[top of page]

November 2012

Bush Blitz Media Release

Media Release: Bush Blitz explores the Gawler Ranges for new species [PDF 21kb]

Well it's that time of year again - spring has come to the South Australian Gawler Ranges and a Bush Blitz team of 18 scientists, BHP environmental professionals and Earthwatch volunteers will undertake the first comprehensive survey of the 77,000 Nature Foundation of SA property Hiltaba.


Hiltaba view (c) C. Nichols


Fish River Fish Team

The Fish River property has well and truly been living up to its name, with large numbers and a high diversity of freshwater fish species recorded by the Bush Blitz "Fish Team". The scientists from the Museum and Art Gallery of the Northern Territory, and a ring in, have been using rapid fish survey techniques to assess the various wetlands, springs, streams and rivers.

The focus has been on areas that have not previously been sampled, so while the main large rivers like the Daly and Fish River proper are home to amazing species like Freshwater Sawfish and Freshwater Whipray, the sampling has been targeted at smaller cryptic species like Rainbowfishes, Swamp Eel and Purple-spotted Gudgeon.

So far the species fish tally stands at 23, with more sites to come, and work to be done back in the lab on assessing the status of local species as similar or different to those in other catchments. A variety of other plants and animals have also been documented ranging from bright green water plants, dragonflies to freshwater crabs and river prawns.

[top of page]

Follow our blog

Bush Blitz Blog

Blog updates from Fish River in the Northern Territory.

Fish River - Bush Blitz reaches new heights in the NT.

Don't forget the snails - The sleeping beauties of Fish River.

Don't be fooled by first appearances - A treasure trove of life on Fish River Station.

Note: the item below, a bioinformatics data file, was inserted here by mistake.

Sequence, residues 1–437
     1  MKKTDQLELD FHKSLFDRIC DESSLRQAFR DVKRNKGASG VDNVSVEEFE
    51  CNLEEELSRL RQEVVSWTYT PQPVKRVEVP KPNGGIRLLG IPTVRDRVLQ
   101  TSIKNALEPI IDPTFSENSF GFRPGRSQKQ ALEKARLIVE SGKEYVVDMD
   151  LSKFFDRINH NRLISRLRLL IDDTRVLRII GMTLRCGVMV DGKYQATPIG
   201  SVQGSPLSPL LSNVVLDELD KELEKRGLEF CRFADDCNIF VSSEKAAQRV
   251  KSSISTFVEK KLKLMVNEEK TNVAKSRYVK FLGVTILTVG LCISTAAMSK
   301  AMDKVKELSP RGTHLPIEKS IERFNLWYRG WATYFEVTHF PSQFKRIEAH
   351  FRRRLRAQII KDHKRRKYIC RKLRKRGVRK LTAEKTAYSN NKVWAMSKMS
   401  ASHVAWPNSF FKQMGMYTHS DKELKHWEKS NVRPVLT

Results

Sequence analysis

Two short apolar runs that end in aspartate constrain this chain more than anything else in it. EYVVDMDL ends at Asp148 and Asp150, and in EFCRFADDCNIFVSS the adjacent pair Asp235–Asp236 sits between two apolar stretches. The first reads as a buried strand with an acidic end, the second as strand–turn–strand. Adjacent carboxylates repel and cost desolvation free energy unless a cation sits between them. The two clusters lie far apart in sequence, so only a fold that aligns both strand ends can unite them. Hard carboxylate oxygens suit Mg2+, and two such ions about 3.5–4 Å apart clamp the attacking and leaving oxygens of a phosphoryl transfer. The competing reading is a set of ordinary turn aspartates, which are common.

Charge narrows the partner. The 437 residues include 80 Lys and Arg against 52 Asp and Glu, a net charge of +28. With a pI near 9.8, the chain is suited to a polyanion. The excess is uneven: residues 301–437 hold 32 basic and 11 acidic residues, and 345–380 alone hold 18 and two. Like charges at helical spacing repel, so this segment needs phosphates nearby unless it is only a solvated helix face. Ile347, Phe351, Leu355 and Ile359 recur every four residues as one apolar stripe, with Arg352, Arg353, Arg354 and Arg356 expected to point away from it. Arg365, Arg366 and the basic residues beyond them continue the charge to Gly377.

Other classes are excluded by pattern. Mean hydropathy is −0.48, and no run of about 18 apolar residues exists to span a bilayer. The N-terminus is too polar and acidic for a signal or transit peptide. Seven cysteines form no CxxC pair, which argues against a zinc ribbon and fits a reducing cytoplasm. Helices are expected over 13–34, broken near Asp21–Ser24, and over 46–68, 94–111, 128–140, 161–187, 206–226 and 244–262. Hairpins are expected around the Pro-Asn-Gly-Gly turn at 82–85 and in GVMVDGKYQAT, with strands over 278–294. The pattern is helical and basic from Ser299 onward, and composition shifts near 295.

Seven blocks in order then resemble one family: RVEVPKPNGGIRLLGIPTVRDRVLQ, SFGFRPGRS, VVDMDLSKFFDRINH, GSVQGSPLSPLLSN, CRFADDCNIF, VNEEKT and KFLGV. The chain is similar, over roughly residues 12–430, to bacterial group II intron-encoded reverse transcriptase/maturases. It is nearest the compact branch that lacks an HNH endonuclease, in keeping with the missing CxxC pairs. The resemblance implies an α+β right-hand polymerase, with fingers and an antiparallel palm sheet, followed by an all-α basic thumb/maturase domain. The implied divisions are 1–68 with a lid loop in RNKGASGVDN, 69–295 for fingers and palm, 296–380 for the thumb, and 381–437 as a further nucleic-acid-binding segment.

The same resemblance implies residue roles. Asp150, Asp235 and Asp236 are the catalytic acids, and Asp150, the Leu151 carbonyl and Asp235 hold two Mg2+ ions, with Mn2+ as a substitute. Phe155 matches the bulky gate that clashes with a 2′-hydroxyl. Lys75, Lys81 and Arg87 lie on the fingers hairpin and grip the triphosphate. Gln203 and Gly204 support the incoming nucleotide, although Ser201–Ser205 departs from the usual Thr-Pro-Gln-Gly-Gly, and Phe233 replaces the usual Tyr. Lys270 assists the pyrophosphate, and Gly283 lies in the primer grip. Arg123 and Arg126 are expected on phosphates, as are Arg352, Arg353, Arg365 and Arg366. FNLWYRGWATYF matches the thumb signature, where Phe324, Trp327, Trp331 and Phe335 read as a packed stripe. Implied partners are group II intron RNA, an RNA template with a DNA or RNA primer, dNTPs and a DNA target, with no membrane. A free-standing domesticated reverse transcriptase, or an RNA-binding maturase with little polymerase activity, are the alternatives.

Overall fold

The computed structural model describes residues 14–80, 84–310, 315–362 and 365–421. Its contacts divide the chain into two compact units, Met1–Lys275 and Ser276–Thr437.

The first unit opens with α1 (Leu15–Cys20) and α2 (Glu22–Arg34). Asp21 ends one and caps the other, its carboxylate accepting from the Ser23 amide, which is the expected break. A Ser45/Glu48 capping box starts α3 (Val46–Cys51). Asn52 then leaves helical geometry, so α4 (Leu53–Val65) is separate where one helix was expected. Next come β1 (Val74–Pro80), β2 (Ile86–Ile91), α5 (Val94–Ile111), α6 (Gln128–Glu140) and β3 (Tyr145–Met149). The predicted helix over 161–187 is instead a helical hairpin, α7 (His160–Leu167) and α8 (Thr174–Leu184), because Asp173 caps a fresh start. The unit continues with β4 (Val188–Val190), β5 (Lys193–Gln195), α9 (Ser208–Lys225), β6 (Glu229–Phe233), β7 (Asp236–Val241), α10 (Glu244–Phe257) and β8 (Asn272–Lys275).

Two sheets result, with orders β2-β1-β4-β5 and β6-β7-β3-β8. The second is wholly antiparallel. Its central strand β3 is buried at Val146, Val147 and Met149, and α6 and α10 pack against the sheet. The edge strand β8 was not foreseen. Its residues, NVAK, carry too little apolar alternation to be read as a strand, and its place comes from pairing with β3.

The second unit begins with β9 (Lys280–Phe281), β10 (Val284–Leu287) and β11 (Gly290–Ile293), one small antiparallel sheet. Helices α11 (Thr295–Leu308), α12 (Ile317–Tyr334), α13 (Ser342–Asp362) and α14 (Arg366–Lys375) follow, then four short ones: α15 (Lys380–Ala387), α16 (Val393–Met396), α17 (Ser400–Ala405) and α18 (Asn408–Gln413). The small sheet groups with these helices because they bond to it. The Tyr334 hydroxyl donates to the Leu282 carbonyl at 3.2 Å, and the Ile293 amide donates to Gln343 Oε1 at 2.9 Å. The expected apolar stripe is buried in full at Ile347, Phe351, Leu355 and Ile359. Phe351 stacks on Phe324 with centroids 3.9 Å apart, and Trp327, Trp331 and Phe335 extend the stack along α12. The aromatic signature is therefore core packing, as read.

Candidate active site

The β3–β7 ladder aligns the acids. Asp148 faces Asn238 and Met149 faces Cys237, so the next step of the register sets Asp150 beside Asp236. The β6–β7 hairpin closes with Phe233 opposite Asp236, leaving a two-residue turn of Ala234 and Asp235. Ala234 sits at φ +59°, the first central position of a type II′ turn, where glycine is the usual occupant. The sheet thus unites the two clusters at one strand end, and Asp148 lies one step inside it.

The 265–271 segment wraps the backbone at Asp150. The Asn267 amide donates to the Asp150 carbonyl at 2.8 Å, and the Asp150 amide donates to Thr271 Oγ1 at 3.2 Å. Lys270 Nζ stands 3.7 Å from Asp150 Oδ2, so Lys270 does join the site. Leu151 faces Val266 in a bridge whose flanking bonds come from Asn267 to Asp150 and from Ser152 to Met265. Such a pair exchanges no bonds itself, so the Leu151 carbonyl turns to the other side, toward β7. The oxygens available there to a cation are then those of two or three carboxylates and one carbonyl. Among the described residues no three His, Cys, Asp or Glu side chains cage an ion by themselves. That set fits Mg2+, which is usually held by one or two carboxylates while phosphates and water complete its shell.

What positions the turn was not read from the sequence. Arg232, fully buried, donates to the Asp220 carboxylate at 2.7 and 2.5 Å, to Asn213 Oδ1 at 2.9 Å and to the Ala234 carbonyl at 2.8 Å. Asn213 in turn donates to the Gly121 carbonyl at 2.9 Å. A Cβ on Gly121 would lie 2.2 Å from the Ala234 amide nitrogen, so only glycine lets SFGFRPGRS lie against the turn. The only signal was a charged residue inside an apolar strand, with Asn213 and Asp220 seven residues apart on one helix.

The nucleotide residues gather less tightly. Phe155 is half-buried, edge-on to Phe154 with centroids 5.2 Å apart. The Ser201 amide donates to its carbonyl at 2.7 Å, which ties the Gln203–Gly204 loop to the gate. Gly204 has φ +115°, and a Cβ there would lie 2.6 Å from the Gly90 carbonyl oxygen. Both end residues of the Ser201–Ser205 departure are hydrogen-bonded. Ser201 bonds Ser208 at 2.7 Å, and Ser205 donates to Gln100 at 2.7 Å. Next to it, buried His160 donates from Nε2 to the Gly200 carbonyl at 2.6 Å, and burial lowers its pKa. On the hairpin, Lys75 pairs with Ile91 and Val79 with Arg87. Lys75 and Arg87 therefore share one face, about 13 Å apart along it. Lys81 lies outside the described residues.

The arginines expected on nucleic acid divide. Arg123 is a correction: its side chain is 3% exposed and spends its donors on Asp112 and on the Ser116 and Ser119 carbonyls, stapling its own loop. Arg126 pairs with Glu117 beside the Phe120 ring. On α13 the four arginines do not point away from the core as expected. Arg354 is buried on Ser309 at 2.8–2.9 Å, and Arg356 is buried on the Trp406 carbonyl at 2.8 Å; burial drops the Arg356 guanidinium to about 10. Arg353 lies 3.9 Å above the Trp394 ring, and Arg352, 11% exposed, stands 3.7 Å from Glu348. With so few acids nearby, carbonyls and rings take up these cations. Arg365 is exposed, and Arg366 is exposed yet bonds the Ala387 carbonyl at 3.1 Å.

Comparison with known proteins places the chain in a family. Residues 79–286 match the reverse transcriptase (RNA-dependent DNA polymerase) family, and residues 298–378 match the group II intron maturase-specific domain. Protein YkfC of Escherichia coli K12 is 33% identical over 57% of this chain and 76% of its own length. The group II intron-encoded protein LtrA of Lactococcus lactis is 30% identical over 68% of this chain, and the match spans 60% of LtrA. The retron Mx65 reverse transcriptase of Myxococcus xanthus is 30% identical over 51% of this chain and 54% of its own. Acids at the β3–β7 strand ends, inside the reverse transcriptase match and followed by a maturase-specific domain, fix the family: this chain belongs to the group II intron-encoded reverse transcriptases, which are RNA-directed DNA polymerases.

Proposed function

[top of page]

ABC 7.30 Report on Fish River - Northern Territory Bush Blitz


View the ABC 7.30 Report's recent segment on the Northern Territory Bush Blitz at Fish River.


[top of page]

April 2012

Bush Blitz Media Release

Media Release: Hunting for the Territory's unusual and bizarre at Fish River Station. [PDF 130kb]

The property's extensive range of habitats including long stretches of the Daly River - one of the Territory's few permanent streams - billabongs fringed by savanna woodland and pockets of rainforest rising to spectacular ranges make it a collection haven for biodiversity scientists.

[top of page]

ABC 7.30 Report on Skullbone Plains - Tasmanian Bush Blitz


View the ABC 7.30 Report's recent segment on the Tasmanian Bush Blitz at Skullbone Plains.


New photos

Lace Monitor Lizard

Photos of the Mallee Bioregion in Victoria are now available.

Visit our new gallery showing the variety of diverse species found in the Victorian Mallee.


[top of page]

New photos

Desert Flower

Photos of the Goldfields Bioregion in Western Australia are now available.

Visit our new gallery showing the variety of diverse species found on the Goldfields.


[top of page]

Follow our blog

Bush Blitz Blog

Read Blogs from Skullbone Plains in Tasmania.

Going Botanical - A Skullbone Plains experience in nation's capital.

Skullbone Plains - Worth protecting.

Spider hunting - Find out how you hunt down spiders with only a 4WD.

The serenity - Spend the day with Botanists.

What's out there? - Find out a little more about the newest reserve to be blitzed.

[top of page]

February 2012

Bush Blitz Media Release

Media Release: What's out there? Looking for creatures on Tasmania's ancient Skullbone Plains. [PDF 241kb]

A team of about 20 Bush Blitz scientists will conduct the most comprehensive biodiversity survey yet of a spectacular 1,650 hectare property in Tasmania's central highlands which has been recently added to Australia's National Reserve System.